When returning to the city with my camera, l followed my natural curiosity and my ideas deepened and expanded. At times it was hard to choose which way to take my work. It was essential to review and understand what l had. I took many directions but kept returning to taking photos of the city and taking them forward by painting them on canvas. The trick is not to give up Helsinki Bus Theory link.
I realised over time that my original idea was chasing some obscure knowledge through a simple process that I could repeat.
I feel like I have been painting the same painting for ten years as now I realise that my original ideas just got the work started. The original idea is still in my work but it has changed and developed in ways l could never have predicted. My work has grown to portray something unique that help us to understand our life on this earth a little better.
These seeds begin to germinate in many different directions like a plant does when it is attracted to light and water. It has taken many years for my original ideas and intentions to bloom into flowers. Now the interesting thing is not my original ideas or intentions. It is that l have found my way to communicate; my unique voice and inclination. As my work has deepened and expanded, it has lined up with natural talent, unlocking bigger ideas. Bigger ideas that l could never have predicted ten years ago.
The point of this post is that it is impossible to know where your practice as an artist will take you. One of the biggest challenges is learning to trust the decisions you make and to stop doubting yourself. Instead, l have developed confidence in my inner voice even when l can’t see where it is taking me.
My advice is to play, as there is no such thing as a mistake. Anything can lead to a breakthrough. If self-doubt is getting the best of you put your trust in a process and live, paint, repeat.
Over time when you review your work a way forward should reveal itself. Trust yourself and your creative process. Rather than paying attention to your own intentions, pay attention to what the work actually does. When the thinking and doing come together the work becomes more convincing.
Allowing freedom in the studio for creative exploration is essential. When I work on a plain sheet of paper or in my sketchbook, I seek to have an openness in my drawings that allows and embraces a large number of directions and options that can be pursued. A chain of evolution takes place in my pictures over an extended period of time and patience is essential. Working on and towards a finished piece too early can make the outcome contrived and often can leave me frustrated.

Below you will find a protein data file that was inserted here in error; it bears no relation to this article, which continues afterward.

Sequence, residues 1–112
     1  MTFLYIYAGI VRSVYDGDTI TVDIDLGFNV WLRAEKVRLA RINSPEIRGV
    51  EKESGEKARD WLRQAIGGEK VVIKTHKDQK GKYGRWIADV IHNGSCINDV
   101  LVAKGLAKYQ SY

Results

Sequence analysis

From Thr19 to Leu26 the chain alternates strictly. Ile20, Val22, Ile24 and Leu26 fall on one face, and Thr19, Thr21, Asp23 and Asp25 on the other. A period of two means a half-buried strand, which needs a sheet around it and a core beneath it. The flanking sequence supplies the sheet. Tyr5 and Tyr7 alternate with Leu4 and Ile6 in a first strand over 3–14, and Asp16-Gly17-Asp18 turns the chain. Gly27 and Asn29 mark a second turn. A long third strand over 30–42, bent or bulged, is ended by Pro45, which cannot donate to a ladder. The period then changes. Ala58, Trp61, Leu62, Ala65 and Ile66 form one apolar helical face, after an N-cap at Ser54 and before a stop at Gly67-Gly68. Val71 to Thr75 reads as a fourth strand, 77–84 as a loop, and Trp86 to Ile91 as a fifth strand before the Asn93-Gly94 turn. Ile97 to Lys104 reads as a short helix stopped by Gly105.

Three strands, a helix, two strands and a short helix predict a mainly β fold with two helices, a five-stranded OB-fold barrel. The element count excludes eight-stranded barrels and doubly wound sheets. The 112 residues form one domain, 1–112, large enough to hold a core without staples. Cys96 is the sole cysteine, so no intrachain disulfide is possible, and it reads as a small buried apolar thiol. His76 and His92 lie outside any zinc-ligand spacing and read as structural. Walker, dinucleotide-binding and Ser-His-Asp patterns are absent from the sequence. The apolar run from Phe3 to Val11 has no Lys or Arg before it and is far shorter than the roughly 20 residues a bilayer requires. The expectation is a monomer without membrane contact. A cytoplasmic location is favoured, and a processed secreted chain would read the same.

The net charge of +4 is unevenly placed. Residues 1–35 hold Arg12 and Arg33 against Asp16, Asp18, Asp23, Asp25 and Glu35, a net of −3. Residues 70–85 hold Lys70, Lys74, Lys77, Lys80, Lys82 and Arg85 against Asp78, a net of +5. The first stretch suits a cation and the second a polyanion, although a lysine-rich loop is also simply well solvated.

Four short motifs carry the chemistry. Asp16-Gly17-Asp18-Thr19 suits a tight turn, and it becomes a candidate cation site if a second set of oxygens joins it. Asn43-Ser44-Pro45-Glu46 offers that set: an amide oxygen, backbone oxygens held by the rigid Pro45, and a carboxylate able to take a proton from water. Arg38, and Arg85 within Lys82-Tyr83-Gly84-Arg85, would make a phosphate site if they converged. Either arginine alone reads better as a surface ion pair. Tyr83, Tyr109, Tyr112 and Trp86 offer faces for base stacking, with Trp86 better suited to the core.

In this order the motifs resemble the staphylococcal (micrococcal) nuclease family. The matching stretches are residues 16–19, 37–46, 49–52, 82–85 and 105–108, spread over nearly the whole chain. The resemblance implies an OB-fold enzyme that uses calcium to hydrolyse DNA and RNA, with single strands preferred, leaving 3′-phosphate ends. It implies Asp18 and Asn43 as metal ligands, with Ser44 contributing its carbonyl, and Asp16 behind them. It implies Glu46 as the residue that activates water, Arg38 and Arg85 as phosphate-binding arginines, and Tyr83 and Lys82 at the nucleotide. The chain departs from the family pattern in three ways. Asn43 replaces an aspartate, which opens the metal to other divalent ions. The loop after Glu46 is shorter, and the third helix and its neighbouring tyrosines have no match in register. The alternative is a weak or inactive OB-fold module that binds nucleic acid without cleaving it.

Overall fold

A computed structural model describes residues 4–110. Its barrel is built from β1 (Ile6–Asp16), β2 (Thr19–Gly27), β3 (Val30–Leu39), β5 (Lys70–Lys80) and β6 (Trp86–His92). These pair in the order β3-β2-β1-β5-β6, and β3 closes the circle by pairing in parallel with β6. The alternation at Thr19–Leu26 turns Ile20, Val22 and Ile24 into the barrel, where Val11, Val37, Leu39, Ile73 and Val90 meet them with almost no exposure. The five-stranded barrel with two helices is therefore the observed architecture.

This explorative phase is more like a problem-creation stage than a problem-solving stage. I am looking to generate new ideas to stimulate my visual imagination and leaving space for creativity and ambiguity. I have often found that without this freeness, the development and exploratory of my thoughts are restricted, and the work comes to a dead end.
With creative freedom in my drawings, my insight and intuition give me an inkling of what to do next allowing me to focus on specific issues and open questions. I can then remove certain details and concentrate on the whole by copying and repeating to expand conceptual ideas and structures by following a hunch.
Inspiration is an essential ingredient and can come from chaotic and imprecise work made with an open mind or by viewing another artist’s work or for me, by being inspired by the city. Accidents and chance can lead to seeing embedded ideas in a different way. The freeness leaves space to suggest moods and emotions and enhancing abstract concepts. I often feel the need to revisit unresolved ideas and expanding on them. Sometimes this leads to radical changes and often, exciting new artwork.
It is always important to remember that overworking can remove the essence, spirit, the actual original thoughts, and potential. The outcome is successful when the liberty and pleasure are still visible. After all seemingly effortless art signifies greatness and shows the way forward for an artist who can then capture what is immaterial into the material.
Some two-dozen platforms are laid out in a square at the heart of the city. At the head of each platform is a sign posting the numbers of the buses that leave from that particular platform. The bus numbers might read as follows: 21, 71, 58, 33, and 19.
Each bus takes the same route out of the city for a least a kilometer stopping at bus stop intervals along the way where the same numbers are again repeated: 21, 71, 58, 33, and 19.
Now let’s say, again metaphorically speaking, that each bus stop represents one year in the life of a photographer, meaning the third bus stop would represent three years of photographic activity.
Ok, so you have been working for three years making platinum studies of nudes. Call it bus #21.
You take those three years of work on the nude to the Museum of Fine Arts Boston and the curator asks if you are familiar with the nudes of Irving Penn. His bus, 71, was on the same line. Or you take them to a gallery in Paris and are reminded to check out Bill Brandt, bus 58, and so on.
Shocked, you realize that what you have been doing for three years others have already done.
So you hop off the bus, grab a cab (because life is short) and head straight back to the bus station looking for another platform.
This time you are going to make 8×10 view camera color snapshots of people lying on the beach from a cherry picker crane.
You spend three years at it and three grand and produce a series of works that illicit the same comment: haven’t you seen the work of Richard Misrach? Or, if they are steamy black and white 8×10 camera view of palm trees swaying off a beachfront, haven’t you seen the work of Sally Mann?
So once again, you get off the bus, grab the cab, race back and find a new platform. This goes on all your creative life, always showing new work, always being compared to others.
What to do?
It’s simple. Stay on the bus. Stay on the f*cking bus.